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Tiffany Montgomery
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Interesting insights from a savvy retailer

By Tiffany Montgomery
October 13, 2008 5:39 AM

While I was in Bend, Oregon last week, I met with Roberta Johnson, who owns Sports Vision Bend, a specialty sunglass store downtown, with her partner, Todd Johnson.


Roberta is a Shop-eat-surf reader and an industry veteran. She grew up in Huntington Beach, moved to the mountains to run a ski shop that also carried surf apparel, and eventually settled in Bend, where she has operated Sports Vision Bend for 19 years.


sports vision bendShe has some great insights for running a retail operation in tough times, including concrete strategies she is employing to tighten her operations and preserve cash. She also discusses the evolution of her successful internet business, her strategy behind carrying a limited number of brands, her customer service philosophy, why she's not selling goggles this year, and her take on the economic challenges ahead.

Online: Sports Vision Bend's overall sales are up this year even though its brick-and-mortar store is down, thanks to its robust internet business.


Roberta launched the online operation in 1997 and, along with REI, was one of the first online partners with Smith and Arnette.


"It was good until everybody else started doing it," she said.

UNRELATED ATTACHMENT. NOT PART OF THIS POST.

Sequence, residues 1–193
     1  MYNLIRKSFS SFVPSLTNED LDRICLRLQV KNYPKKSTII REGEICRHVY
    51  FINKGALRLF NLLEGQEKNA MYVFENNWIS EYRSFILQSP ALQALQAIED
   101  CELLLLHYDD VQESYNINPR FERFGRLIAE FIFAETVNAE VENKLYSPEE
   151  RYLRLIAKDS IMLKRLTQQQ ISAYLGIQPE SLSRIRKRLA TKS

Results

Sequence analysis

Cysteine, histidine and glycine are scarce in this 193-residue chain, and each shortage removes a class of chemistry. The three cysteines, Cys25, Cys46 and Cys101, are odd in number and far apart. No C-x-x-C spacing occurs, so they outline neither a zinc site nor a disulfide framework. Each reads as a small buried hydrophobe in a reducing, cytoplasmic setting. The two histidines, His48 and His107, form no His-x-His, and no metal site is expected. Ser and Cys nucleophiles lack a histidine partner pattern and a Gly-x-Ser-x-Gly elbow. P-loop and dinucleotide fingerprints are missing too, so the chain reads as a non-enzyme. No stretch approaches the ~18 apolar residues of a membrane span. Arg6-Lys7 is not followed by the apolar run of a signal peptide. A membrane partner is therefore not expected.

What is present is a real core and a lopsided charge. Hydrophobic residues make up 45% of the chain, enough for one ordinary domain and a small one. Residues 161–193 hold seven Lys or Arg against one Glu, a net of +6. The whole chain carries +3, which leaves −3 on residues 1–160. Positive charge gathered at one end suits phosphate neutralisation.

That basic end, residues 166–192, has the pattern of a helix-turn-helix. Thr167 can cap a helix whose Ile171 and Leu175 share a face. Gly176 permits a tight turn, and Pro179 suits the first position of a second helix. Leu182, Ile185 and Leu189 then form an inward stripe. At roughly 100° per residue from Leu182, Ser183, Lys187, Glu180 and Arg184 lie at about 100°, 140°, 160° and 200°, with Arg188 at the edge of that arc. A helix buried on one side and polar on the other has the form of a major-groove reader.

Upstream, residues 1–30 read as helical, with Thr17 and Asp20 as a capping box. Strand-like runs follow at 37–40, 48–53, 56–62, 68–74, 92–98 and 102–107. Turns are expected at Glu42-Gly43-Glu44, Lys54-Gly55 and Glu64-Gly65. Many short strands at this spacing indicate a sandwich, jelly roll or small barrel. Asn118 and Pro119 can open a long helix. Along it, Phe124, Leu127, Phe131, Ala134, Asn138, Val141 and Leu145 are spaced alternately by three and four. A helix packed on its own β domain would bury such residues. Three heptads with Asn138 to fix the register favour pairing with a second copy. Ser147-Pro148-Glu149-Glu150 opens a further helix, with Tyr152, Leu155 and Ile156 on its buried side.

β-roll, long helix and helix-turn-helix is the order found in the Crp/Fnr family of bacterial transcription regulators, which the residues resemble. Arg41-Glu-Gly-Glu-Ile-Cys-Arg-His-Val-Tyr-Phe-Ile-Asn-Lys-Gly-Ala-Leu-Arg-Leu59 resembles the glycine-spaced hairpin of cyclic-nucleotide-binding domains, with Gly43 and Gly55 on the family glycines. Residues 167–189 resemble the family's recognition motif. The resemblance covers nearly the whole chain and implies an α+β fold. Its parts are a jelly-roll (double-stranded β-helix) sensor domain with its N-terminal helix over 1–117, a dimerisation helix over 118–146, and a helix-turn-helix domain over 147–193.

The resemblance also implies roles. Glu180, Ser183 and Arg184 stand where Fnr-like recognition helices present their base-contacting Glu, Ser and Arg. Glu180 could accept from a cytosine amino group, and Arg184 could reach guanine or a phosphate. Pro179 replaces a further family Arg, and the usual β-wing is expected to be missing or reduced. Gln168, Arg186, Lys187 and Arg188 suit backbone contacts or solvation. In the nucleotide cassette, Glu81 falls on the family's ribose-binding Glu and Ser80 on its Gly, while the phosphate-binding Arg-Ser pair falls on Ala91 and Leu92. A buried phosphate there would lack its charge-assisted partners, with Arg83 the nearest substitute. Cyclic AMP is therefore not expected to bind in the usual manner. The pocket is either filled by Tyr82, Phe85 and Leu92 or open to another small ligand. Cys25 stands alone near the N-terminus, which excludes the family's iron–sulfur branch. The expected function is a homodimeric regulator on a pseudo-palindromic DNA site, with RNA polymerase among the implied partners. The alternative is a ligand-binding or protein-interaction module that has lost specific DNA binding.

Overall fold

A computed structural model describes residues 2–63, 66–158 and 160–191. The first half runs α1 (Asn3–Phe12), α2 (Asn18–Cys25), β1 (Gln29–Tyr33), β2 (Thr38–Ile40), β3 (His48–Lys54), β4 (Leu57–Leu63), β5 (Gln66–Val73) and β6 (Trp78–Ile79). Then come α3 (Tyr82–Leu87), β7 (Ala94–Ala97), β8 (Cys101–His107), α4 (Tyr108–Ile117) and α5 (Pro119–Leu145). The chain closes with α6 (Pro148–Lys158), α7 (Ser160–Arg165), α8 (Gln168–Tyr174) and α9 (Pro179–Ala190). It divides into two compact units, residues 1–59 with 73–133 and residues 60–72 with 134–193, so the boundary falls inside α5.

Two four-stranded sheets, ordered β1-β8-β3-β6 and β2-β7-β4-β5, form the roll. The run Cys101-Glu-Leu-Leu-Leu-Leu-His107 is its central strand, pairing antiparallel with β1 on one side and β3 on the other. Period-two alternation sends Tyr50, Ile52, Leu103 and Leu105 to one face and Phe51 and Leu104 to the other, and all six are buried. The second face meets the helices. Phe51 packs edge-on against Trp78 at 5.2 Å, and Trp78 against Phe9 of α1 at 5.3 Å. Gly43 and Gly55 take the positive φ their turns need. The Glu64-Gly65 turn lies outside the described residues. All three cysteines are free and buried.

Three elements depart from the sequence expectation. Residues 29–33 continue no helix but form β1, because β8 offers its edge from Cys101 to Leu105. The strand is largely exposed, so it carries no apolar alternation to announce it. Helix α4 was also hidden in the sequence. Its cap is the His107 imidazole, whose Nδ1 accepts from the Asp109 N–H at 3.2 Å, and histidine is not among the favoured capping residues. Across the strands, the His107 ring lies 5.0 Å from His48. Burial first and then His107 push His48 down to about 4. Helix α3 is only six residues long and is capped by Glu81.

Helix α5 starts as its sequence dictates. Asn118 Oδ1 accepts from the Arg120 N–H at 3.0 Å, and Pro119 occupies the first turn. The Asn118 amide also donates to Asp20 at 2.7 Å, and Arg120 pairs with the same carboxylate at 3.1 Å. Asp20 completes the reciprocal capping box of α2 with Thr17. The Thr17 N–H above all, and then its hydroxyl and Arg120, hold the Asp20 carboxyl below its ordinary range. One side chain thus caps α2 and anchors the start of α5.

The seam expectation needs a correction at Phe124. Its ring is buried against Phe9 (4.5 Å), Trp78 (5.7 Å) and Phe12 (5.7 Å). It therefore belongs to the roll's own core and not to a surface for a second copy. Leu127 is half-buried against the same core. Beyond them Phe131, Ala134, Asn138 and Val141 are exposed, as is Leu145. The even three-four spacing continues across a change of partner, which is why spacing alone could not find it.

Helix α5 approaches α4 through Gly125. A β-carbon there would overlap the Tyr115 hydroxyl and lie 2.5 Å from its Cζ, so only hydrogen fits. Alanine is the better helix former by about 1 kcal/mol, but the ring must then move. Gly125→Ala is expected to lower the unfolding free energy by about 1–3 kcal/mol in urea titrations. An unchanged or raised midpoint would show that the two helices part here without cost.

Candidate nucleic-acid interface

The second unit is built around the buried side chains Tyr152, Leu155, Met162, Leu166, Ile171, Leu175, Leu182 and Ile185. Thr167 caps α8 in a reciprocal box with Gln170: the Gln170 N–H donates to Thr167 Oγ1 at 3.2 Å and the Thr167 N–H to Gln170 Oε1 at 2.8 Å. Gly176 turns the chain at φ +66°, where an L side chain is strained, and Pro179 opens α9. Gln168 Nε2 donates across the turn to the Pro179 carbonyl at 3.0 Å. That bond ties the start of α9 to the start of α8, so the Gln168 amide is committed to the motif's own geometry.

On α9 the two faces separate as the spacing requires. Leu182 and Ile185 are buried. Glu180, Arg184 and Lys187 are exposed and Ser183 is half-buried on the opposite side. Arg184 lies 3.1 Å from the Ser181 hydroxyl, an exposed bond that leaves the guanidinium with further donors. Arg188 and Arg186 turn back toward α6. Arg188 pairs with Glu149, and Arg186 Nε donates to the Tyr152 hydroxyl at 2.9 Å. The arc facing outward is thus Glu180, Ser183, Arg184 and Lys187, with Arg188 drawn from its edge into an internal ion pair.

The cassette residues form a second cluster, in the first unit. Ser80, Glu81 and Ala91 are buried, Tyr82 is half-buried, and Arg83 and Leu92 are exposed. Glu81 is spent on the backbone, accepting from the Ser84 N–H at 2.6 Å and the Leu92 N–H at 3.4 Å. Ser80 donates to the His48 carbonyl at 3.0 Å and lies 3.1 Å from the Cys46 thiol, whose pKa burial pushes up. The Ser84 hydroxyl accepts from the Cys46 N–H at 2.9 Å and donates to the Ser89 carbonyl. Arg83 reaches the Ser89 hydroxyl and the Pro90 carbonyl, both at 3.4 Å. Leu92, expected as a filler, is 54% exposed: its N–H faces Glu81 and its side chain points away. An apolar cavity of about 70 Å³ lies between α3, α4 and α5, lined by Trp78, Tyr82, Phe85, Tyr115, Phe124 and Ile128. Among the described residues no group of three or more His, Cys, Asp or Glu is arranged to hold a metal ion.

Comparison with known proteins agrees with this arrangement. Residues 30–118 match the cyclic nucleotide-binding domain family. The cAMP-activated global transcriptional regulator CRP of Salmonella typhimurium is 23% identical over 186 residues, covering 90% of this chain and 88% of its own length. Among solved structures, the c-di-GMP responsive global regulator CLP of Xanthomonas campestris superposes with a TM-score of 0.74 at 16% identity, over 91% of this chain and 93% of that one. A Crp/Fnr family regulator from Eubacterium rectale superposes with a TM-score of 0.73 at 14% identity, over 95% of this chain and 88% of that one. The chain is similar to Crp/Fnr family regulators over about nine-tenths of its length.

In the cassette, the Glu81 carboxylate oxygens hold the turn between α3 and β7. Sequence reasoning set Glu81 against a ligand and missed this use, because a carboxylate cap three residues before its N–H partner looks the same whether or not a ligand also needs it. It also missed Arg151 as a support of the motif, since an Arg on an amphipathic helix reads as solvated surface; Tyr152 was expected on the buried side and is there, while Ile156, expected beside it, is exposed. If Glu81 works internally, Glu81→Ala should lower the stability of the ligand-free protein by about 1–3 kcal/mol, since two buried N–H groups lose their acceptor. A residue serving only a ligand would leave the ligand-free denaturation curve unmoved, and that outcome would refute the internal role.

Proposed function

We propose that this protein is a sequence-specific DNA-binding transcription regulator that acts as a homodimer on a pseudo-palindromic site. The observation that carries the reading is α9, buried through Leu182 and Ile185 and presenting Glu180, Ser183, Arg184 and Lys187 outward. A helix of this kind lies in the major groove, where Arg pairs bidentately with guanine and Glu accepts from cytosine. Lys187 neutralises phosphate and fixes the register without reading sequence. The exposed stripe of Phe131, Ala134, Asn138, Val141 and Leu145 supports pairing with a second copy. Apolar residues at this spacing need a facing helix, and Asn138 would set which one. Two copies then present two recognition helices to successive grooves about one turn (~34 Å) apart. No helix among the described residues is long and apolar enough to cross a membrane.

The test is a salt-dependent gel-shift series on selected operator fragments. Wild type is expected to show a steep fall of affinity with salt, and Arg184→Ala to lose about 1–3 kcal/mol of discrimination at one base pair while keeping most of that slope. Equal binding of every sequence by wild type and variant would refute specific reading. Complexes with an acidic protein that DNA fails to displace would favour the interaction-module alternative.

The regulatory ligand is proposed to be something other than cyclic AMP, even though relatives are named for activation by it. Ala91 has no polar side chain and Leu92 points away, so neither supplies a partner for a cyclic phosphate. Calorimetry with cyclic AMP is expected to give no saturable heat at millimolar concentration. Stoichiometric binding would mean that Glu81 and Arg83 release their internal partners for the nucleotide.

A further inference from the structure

Now, Sports Vision Bend is evolving again, and is offering prescription sunglass services online. Roberta has partnered with Von Zipper to be its online RX provider and will next partner with Anon, she said.


Providing the prescription services online has given the business a big boost and illustrates two of Roberta's main business philosophies:

 

  • If you're a small business, you have to be nimble, you have to be looking for that next thing, and you have to change things up, especially in challenging times. "You better move, you better shake," she said. She also applies that to the brick-and-mortar store, and will "shake the whole store up," now and then.

 

  • Specialization is key. Roberta believes if you're a skate retailer, go deep in skate and be the best you can be. Same goes for snow and surf. The problem comes when a retailer tries to be everything and thus is an expert in nothing. That's one of the reasons she decided to drop apparel and footwear in favor of going deep in sunglasses and becoming an expert. She also liked that the product is higher margin, you can order just-in-time inventory, and inventory can carry over from season to season, instead of being forced to have continual closeout sales.


I asked Roberta what will happen to her online business when her vendors go direct, as so many are doing these days.


"I'll think of something else then - you have to keep changing," she said. "And, I'll have my database."


Brands: Sports Vision Bend carries five main brands of glasses - Oakley, Maui Jim, Smith, Von Zipper and Anon - but it is deep in those brands.


sports vision bend"I only carry five so I can be the best I can be" in those brands, she said.